Young's Modulus

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Young's Modulus Revision

Young’s Modulus

This section looks at some other terms that can be used to describe and quantify the effects of a force upon a material. We will look at stress, strain and Young’s modulus and how they are calculated.

Tensile Stress and Strain

For a material put under load, the tensile stress is equal to the force applied per unit of cross-sectional area. Tensile forces are applied to an object when a force is applied in opposite directions to each end of the object, causing a stretching effect.

Tensile stress can be calculated using the equation:

\sigma = \dfrac{F}{A}

  • \sigma is the tensile stress in pascals \left(\text{Pa}\right)
  • F is the force in Newtons \left(N\right)
  • A is the cross-sectional area in metres squared \left(m^2\right)

The tensile strain of an object under load is defined as the extension per unit of original length. As an equation, this is written as:

\epsilon = \dfrac{\Delta L}{L}

  • \epsilon is the tensile strain of the material. It is unitless.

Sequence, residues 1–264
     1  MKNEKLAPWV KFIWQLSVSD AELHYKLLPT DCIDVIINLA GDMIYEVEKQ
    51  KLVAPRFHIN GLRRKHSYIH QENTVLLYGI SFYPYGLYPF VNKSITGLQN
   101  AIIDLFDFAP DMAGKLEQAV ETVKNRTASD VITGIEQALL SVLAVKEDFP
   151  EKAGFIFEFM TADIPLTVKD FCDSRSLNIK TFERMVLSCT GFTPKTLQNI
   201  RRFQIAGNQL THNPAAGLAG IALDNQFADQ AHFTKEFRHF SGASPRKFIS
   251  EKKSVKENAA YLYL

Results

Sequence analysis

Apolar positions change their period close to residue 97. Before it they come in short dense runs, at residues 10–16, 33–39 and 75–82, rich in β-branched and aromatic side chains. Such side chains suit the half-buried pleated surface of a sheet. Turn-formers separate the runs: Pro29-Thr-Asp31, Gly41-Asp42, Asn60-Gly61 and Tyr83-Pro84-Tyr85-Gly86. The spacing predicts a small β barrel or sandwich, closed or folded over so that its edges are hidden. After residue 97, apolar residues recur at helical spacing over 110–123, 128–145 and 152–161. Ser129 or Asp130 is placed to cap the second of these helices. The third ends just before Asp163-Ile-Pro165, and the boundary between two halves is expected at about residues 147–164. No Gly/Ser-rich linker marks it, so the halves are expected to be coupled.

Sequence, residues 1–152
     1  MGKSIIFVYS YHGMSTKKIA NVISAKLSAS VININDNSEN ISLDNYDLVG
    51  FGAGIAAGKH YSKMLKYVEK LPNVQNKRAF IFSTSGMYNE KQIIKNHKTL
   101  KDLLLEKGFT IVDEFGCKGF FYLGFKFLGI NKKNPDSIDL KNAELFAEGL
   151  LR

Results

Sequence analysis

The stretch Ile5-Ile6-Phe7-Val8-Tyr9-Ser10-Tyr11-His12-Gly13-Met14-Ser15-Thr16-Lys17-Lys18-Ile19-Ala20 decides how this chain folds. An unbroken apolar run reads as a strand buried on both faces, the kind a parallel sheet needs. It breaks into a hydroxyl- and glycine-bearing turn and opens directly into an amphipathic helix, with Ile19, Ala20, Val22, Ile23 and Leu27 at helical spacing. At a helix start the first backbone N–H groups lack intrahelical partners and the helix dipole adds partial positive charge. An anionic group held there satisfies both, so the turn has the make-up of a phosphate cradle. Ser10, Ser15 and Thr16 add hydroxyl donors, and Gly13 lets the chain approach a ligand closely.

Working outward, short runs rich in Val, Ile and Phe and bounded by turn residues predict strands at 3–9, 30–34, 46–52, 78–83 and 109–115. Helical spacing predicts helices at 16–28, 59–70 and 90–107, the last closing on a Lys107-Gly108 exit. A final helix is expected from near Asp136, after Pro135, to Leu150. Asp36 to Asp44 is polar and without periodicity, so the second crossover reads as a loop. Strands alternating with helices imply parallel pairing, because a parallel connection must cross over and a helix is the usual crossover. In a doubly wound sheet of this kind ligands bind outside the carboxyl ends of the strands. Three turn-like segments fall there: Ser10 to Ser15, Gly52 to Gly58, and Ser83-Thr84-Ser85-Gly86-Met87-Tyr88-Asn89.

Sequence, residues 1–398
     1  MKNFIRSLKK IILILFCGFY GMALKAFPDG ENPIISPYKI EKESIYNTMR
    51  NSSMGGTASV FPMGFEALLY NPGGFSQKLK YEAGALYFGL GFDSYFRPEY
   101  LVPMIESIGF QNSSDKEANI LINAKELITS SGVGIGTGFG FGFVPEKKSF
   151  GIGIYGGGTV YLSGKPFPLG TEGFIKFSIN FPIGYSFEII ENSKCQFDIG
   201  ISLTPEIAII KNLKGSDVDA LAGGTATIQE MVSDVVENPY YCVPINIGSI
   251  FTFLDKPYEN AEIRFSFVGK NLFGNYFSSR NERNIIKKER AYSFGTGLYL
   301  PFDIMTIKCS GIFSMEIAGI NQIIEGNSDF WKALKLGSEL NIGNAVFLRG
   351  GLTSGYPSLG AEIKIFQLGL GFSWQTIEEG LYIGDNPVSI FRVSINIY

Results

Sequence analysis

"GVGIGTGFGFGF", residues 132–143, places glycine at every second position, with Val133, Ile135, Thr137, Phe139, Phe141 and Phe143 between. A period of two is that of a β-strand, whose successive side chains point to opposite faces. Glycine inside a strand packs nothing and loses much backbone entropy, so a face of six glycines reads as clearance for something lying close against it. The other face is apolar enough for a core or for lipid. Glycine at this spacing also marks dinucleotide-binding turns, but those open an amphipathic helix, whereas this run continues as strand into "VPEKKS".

• \Delta L is the change in length of the material in metres \left(m\right).
  • L is the original length of the material in metres \left(m\right).


Example: A wire of radius 0.01 \: \text{m}, original length of 2 \: \text{m} is put under a tensile force of 75 \: \text{N}. The wire extends by 1.5 \: \text{m}. Calculate the tensile stress and strain of the wire. 

[2 marks]

Finding the stress: 

\begin{aligned}\sigma &= \dfrac{F}{A} \\ \\ \sigma &= \dfrac{75}{\pi \times 0.01^2} = \boldsymbol{238853.5} \: \textbf{Pa} \: \text{or} \: \boldsymbol{0.24} \: \textbf{MPa} \end{aligned}


Finding the strain:

\begin{aligned} \epsilon &= \dfrac{\Delta L}{L} \\ \\ \epsilon &= \dfrac{1.5}{2} = \boldsymbol{0.75} \end{aligned}

So the tensile stress =\boldsymbol{0.24} \: \textbf{MPa} and the tensile strain = \boldsymbol{0.75}